Next, share important findings as they crop up during and after qualitative and quantitative user research. Take advantage of Hotjar’s integrations with communication platforms like Slack to inform team members of ‘Eureka!’ moments. For example, receive alerts when someone answers your concept testing survey or leaves feedback and forward insightful responses to your team for a thorough discussion.

I use Feedback to gather evidence from users, and connect it to Slack via the Hotjar <> Slack integration. This way, every time a user leaves feedback, I get a notification on Slack, can tag my team, or discuss it with them in one place.

Laura Wong Product Manager, Hotjar

Then, propose new initiatives that you can now back up with strong product and user experience insights. When stakeholders see the immediate value for the company and users, they’re more likely to support your user-led product decisions. 

5. Craft actionable steps

Whenever you greenlight an initiative, feature, or activity—including conducting further product or market research—organize the actions in your favorite project management tool, like ClickUp or Trello.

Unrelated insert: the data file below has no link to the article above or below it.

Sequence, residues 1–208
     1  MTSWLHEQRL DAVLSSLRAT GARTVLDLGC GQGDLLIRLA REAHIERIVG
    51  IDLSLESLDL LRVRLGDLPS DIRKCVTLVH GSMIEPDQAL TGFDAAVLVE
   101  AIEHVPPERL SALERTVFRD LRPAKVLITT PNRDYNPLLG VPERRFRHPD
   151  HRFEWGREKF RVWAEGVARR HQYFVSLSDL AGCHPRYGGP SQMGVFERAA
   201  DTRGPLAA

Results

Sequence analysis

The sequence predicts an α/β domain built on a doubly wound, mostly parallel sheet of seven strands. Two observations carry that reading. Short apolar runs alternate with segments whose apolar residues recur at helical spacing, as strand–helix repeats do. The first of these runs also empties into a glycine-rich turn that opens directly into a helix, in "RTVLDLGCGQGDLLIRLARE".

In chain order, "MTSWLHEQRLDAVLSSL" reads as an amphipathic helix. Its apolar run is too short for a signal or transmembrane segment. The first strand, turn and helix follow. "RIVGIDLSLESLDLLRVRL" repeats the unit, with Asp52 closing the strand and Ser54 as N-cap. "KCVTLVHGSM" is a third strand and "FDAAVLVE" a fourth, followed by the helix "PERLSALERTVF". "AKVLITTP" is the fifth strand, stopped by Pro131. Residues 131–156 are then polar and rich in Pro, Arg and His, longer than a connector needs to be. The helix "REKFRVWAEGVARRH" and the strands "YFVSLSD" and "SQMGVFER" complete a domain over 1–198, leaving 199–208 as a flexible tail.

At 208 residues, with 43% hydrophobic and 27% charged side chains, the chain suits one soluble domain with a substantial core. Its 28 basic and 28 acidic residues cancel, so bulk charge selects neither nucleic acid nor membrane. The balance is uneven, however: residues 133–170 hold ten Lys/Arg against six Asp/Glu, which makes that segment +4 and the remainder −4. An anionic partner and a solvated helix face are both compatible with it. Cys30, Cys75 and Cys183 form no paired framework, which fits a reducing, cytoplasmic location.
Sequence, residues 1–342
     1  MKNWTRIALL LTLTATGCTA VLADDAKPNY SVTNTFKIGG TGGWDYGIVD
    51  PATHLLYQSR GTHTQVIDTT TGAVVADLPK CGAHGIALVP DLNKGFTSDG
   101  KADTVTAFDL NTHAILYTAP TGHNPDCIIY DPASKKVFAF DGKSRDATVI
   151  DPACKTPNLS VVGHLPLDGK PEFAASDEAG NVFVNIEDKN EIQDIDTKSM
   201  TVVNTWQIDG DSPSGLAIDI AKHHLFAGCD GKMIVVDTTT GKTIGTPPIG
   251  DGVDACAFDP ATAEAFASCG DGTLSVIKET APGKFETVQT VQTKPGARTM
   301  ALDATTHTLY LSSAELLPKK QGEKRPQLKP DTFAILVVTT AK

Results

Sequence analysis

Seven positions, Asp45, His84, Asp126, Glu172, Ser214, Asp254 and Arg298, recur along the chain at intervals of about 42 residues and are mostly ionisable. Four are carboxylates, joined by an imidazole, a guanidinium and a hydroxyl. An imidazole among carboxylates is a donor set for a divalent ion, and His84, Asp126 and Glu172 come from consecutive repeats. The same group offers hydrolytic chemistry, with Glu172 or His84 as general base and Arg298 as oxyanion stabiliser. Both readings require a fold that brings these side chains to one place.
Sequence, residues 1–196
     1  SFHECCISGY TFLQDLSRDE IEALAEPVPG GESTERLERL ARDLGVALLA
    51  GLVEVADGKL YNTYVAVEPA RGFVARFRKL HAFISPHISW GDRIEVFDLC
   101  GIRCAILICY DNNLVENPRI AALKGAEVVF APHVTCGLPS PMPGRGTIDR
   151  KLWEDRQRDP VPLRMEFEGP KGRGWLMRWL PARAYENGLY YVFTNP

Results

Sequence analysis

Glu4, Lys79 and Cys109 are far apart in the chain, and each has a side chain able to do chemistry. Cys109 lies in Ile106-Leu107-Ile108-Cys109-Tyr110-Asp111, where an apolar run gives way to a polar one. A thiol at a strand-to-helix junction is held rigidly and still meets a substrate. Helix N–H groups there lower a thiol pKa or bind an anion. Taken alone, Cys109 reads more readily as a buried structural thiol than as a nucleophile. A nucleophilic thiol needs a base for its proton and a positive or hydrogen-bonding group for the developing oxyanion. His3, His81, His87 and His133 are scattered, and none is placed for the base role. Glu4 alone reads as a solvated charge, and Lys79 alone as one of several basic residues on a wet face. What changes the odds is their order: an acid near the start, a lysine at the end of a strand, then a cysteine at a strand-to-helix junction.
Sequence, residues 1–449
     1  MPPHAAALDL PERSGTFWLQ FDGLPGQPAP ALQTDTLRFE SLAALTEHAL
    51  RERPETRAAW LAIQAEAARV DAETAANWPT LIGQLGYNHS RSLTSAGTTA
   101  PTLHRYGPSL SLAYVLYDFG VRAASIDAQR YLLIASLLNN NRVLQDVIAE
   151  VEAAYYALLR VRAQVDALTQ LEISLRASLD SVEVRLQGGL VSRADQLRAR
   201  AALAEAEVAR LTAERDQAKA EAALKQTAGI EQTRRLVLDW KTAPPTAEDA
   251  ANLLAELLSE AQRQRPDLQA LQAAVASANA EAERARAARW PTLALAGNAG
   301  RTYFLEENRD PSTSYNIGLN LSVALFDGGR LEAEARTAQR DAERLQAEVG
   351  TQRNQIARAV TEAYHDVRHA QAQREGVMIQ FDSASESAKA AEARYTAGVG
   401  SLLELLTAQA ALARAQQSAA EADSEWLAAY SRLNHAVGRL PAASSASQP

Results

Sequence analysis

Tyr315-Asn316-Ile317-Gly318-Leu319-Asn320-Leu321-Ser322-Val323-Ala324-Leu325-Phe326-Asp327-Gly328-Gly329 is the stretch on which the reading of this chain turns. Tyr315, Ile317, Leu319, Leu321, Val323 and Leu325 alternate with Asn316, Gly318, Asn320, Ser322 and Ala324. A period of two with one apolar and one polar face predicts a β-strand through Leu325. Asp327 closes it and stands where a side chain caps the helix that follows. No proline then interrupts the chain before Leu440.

Then, add these approved initiatives to your product roadmap. For more granular monitoring, create a separate initiatives board for your team, including details like requirements, relevant metrics, status, and timeframe.

💡 Pro tip: let artificial intelligence do the legwork so you can focus on putting your next steps into action. Hotjar’s AI for Surveys generates an in-depth report based on your open-text responses. The report includes findings, quotes, and next steps—a good starting point for your product initiative planning process.

Our AI assistant crafts user insight reports instantly, providing an extra pair of hands to busy product managers

Start planning successful initiatives today

Equipped with your data-backed planning approach, you can now start developing clear, well-defined initiatives that help you gain stakeholder buy-in and drive business growth. Remember to keep performance data and user insights at the heart of your initiatives, so you can prioritize features and updates more effectively, hit your milestones one by one, and make your product goals a reality.

Ensure top-tier product planning with Hotjar

Combine performance metrics with product experience insights to enrich your plan. Drive action and make decisions that lead to growth.

FAQs about product initiative planning